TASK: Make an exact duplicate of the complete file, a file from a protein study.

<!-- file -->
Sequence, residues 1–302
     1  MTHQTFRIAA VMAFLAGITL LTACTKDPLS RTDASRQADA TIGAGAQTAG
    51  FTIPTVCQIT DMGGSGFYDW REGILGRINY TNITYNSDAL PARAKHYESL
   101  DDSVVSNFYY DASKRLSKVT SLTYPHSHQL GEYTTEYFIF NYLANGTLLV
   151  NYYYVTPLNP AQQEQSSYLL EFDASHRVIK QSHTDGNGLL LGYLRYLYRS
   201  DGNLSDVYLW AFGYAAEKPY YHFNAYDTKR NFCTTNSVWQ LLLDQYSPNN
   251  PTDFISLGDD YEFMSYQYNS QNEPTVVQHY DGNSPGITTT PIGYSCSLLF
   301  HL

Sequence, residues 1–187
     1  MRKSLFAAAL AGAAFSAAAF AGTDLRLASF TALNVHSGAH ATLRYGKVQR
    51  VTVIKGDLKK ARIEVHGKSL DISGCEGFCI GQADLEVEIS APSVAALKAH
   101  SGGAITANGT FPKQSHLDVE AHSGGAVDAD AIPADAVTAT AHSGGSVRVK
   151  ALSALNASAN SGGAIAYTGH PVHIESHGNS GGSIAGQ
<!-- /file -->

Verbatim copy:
Sequence, residues 1–302
     1  MTHQTFRIAA VMAFLAGITL LTACTKDPLS RTDASRQADA TIGAGAQTAG
    51  FTIPTVCQIT DMGGSGFYDW REGILGRINY TNITYNSDAL PARAKHYESL
   101  DDSVVSNFYY DASKRLSKVT SLTYPHSHQL GEYTTEYFIF NYLANGTLLV
   151  NYYYVTPLNP AQQEQSSYLL EFDASHRVIK QSHTDGNGLL LGYLRYLYRS
   201  DGNLSDVYLW AFGYAAEKPY YHFNAYDTKR NFCTTNSVWQ LLLDQYSPNN
   251  PTDFISLGDD YEFMSYQYNS QNEPTVVQHY DGNSPGITTT PIGYSCSLLF
   301  HL

Sequence, residues 1–187
     1  MRKSLFAAAL AGAAFSAAAF AGTDLRLASF TALNVHSGAH ATLRYGKVQR
    51  VTVIKGDLKK ARIEVHGKSL DISGCEGFCI GQADLEVEIS APSVAALKAH
   101  SGGAITANGT FPKQSHLDVE AHSGGAVDAD AIPADAVTAT AHSGGSVRVK
   151  ALSALNASAN SGGAIAYTGH PVHIESHGNS GGSIAGQ